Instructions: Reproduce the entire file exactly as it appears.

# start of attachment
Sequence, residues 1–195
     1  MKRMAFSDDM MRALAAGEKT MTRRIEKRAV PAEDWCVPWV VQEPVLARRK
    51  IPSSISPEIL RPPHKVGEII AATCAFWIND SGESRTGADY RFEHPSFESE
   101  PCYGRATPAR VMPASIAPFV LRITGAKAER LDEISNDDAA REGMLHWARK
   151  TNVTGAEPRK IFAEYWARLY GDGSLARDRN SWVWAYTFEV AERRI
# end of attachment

Sequence, residues 1–195
     1  MKRMAFSDDM MRALAAGEKT MTRRIEKRAV PAEDWCVPWV VQEPVLARRK
    51  IPSSISPEIL RPPHKVGEII AATCAFWIND SGESRTGADY RFEHPSFESE
   101  PCYGRATPAR VMPASIAPFV LRITGAKAER LDEISNDDAA REGMLHWARK
   151  TNVTGAEPRK IFAEYWARLY GDGSLARDRN SWVWAYTFEV AERRI